How Do I Analyze the Results?[edit | edit source]
Compare each result from your search with what you know to determine if there is a match. This may require viewing multiple records or images. Keep track of your research in a research log.
What Do I Do Next?[edit | edit source]
Indexes and transcriptions may not include all the data found in the original records. Look at the actual image of the record, if you can, to verify the information and to find additional information.
I Found the Person I Was Looking For, What Now?[edit | edit source]
- Add any new information to your records
- Search for vital records such as marriage and death
- Use the information found in the record to find land, probate and immigration records
- Use the information found in the record to find additional family members in census records
I Can't Find the Person I'm Looking For, What Now?[edit | edit source]
- If your ancestor does not have a common name, collect entries for every person who has the same surname. This list can help you find possible relatives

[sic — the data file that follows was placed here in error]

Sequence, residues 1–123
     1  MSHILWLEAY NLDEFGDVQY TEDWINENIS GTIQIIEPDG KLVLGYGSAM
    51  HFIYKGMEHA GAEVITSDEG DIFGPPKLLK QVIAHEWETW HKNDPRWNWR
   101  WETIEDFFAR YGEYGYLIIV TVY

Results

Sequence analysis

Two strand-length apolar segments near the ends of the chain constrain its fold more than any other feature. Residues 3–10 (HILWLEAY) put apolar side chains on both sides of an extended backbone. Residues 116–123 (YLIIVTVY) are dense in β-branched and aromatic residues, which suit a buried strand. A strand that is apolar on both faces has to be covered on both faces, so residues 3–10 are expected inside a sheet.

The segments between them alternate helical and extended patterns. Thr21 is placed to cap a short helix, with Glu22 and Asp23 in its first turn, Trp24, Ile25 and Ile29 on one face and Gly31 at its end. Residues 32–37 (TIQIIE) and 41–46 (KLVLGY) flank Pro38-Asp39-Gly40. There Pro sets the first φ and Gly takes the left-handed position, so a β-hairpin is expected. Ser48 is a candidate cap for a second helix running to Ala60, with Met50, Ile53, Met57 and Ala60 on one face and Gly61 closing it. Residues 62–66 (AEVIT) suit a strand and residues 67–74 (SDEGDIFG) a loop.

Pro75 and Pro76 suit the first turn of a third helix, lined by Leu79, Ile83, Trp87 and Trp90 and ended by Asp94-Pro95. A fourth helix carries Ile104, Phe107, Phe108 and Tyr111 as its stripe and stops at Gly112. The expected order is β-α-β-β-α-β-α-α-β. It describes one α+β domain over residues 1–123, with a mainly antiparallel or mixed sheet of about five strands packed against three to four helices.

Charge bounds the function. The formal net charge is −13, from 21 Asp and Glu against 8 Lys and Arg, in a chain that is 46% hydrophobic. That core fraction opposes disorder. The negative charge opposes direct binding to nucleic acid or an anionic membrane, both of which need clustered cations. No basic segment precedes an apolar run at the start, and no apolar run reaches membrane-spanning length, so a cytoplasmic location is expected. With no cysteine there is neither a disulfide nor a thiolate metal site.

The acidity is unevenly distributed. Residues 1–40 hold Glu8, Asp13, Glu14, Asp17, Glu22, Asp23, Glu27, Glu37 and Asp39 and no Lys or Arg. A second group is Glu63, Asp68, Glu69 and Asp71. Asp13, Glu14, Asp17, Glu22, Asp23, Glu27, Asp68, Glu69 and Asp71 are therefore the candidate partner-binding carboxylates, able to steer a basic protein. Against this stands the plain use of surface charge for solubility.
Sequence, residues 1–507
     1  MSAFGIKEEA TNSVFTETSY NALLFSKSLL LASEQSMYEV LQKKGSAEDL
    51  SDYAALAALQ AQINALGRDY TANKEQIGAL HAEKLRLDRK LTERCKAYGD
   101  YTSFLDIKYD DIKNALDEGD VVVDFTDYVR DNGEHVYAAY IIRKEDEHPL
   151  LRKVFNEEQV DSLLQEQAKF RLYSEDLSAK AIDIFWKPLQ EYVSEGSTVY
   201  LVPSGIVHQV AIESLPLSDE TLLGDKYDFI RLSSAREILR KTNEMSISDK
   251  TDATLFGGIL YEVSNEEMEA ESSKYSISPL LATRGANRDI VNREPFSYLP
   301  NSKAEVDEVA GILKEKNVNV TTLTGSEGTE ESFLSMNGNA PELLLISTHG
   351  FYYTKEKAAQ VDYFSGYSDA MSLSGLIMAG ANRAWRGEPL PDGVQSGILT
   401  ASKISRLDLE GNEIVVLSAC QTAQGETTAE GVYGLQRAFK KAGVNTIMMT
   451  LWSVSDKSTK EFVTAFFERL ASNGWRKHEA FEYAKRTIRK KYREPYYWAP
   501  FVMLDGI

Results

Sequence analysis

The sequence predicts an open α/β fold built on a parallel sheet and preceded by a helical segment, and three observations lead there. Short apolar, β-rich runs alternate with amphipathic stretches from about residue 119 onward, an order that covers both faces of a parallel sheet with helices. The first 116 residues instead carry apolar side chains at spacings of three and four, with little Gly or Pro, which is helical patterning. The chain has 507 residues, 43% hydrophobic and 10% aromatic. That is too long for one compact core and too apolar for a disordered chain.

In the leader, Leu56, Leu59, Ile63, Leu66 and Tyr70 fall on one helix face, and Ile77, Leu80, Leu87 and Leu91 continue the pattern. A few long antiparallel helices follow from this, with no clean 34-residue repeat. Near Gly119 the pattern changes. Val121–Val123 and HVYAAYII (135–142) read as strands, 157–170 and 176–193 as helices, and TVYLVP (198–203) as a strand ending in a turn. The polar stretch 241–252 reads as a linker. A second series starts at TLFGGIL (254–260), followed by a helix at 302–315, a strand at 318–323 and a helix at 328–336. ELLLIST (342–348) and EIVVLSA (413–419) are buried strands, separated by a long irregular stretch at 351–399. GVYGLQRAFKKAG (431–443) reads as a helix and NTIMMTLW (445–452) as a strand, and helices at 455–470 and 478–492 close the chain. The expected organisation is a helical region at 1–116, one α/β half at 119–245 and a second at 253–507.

- If you cannot locate your ancestor in the locality in which you believe they lived, then try searching records of a nearby town or county
- Try different spellings of your ancestor’s name
- Remember that sometimes individuals went by nicknames or alternated between using first and middle names, or even initials
Research Helps[edit | edit source]
The following articles will help you in your research for your family in the state of Ohio.
Known Issues[edit | edit source]
Citing This Collection[edit | edit source]
Citations help you keep track of places you have searched and sources you have found. Identifying your sources helps others find the records you used.
The citation for this collection can be found on the Collection Details Page in the section Citing this Collection.
When looking at a record, the citation can be viewed by clicking the drop-down arrow next to Document Information.
When looking at an image, the citation is found on the Information tab at the bottom left of the screen.